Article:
The U.S. Naval Undersea Museum holds over 39,000 artifacts in our collection, which includes items of historic, technological, and cultural significance related to the U.S. Navy’s undersea history, exploration, and technical development. We collect and preserve these artifacts for use in research, exhibits, and public education programs.
While many artifacts — including but not limited to submersibles, torpedoes, mines, submarine equipment, diving gear, ROVs, and models — are on exhibit, the majority are kept safely in storage to be used for research and future exhibitions.
The museum develops and holds specialty collections in the following areas:
The museum’s torpedo collection is one the most comprehensive collections of torpedoes and supporting documentation in the world. It comprises more than 5,700 artifacts including complete torpedoes, torpedo sections, components such as exploders and gyroscopes, torpedo tubes, fire control systems, technical manuals and reports, technical drawings, blueprints, photographs, negatives, slides, and models, among other objects. These items provide invaluable information about the history, development, and technology of naval torpedoes.
Collection highlights: A Howell torpedo; prototype and Mk 1 Whitehead torpedoes; all World War II torpedoes (Mk 13, 14, 15, 16, 18); homing torpedoes Mk 24 and Mk 37; contemporary torpedoes Mk 46, 48 ADCAP, 50, and 54; Mk 65 torpedo tubes from USS Tecumseh (SSBN-628); Mk 32 surface ship torpedo tubes; and torpedo technical manuals.
The undersea mine collection documents mine warfare and mine countermeasures from the Civil War through contemporary operations. Objects such as complete and partial mines (bottom, moored, and drifting), mine neutralization systems, firing mechanisms, arming devices, technical manuals, instruction books, films, photographs, negatives, and slides make up this collection.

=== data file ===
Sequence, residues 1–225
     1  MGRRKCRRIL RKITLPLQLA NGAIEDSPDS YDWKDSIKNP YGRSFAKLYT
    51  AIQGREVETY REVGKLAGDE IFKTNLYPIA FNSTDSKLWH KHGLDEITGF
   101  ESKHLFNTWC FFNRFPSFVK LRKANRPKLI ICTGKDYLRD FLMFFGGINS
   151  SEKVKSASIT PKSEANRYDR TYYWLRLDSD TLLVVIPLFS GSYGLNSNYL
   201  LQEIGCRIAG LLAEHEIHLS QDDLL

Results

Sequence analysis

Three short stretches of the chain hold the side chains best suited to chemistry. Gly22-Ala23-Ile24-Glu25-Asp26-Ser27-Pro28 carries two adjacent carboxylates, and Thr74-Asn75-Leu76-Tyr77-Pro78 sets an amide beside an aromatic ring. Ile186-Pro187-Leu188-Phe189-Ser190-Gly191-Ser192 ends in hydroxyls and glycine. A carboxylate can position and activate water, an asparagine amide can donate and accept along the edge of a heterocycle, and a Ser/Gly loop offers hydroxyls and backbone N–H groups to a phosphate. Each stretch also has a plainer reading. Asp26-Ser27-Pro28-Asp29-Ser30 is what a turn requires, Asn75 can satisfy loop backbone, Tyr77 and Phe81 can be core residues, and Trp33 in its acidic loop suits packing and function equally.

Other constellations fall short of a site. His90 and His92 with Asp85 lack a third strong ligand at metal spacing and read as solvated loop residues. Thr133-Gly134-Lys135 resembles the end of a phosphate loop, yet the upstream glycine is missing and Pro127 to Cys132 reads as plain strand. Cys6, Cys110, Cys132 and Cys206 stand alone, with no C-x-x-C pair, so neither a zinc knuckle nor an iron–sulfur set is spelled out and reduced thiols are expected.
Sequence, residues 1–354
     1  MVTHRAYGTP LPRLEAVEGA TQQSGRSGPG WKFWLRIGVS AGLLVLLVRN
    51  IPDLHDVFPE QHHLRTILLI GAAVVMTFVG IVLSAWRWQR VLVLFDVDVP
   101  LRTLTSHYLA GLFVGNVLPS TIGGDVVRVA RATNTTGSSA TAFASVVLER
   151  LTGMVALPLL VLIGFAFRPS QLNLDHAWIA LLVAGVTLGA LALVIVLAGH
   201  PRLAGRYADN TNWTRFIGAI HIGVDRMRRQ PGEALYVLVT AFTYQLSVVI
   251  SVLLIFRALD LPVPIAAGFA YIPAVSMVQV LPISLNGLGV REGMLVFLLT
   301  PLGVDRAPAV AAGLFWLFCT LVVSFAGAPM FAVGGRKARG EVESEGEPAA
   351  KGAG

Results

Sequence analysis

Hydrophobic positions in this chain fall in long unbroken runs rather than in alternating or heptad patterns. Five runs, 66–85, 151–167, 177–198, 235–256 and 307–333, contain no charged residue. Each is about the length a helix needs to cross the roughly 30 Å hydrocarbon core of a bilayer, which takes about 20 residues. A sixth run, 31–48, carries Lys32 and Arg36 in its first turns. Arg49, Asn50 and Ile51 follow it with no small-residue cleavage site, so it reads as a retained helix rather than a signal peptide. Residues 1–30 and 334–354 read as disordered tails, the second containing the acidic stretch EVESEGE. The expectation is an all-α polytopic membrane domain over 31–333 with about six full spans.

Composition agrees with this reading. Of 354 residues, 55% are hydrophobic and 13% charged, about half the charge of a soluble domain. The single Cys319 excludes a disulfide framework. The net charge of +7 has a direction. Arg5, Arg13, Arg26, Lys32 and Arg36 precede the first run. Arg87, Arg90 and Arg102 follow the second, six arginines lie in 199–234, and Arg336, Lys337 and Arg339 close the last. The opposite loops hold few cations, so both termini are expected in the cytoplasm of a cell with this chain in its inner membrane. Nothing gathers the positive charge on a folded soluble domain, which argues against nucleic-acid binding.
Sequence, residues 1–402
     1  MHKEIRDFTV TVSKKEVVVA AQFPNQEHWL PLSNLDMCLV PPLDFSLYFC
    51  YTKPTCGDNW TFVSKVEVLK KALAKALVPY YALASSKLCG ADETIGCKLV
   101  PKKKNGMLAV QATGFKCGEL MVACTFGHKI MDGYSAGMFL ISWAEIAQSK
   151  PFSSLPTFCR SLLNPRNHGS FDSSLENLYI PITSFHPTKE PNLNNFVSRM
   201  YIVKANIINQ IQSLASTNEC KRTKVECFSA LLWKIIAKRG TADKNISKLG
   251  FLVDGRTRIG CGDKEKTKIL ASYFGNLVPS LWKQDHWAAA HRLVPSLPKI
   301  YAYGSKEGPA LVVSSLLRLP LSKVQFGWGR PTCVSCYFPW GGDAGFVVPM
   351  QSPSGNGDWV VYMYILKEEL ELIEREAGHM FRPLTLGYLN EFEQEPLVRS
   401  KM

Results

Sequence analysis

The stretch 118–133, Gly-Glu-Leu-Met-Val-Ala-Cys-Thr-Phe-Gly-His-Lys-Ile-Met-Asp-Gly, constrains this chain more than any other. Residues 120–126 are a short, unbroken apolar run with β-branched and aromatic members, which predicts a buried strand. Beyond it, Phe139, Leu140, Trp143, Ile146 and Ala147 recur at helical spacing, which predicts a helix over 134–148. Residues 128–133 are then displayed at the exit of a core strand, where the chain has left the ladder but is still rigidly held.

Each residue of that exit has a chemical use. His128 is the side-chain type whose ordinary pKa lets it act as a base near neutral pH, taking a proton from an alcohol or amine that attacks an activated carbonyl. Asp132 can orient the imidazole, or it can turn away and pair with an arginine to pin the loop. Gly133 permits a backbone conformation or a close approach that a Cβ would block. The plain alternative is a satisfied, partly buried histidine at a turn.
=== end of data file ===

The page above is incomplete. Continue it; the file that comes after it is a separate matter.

Collection highlights: Two Civil War mines, a Mk 6 mine, a rare Mk 39 icebreaker mine, a Mk 60 CAPTOR mine, a Destructor mine, three mine neutralizing ROVs, an AN/SQQ-14 mine-hunting sonar, and mine technical manuals.
Submarine Technology and Operations
The submarine collection is one of the county’s most substantial holdings of artifacts related to U.S. naval submarine technology and operations. It is primarily composed of control panels (ship, fire, sonar, ballast, etc.), periscopes, attack course finders, bearing rate computers, batteries, escape equipment, a submarine rescue chamber, slide rule computers, models, technical manuals, blueprints, technical drawings, films, photographs, negatives, booklets, letters, naval cachets, plaques, patches, pins, battle flags, posters, and postcards.
The museum also has a sizeable collection of anti-submarine warfare (ASW) material such as sonobuoys, depth charge, depth charge launchers, an anti-submarine projector (Hedgehog), ASW missiles, and SOSUS (Sound Surveillance System) artifacts.
Collection highlights: The sail from USS Sturgeon (SSN-637), a McCann submarine rescue chamber, Steinke hoods, Momsen lungs, a significant sonobuoy collection, a Hedgehog, a Grebe guided missile test vehicle, and technical manuals.
Diving and Salvage
The museum holds an extensive collection of diving material related to Navy diving and salvage activities, development, and equipment. The diving and salvage collection contains helmets and masks, diving suits, regulators, rebreathers, boots and fins, gloves, weight belts, diving knives, diving pumps, control panels, diving lights, diving manuals, technical manuals and reports, models, patches, pins, medals, commemorative coins, photographs, negatives, films, newspaper articles, and clothing.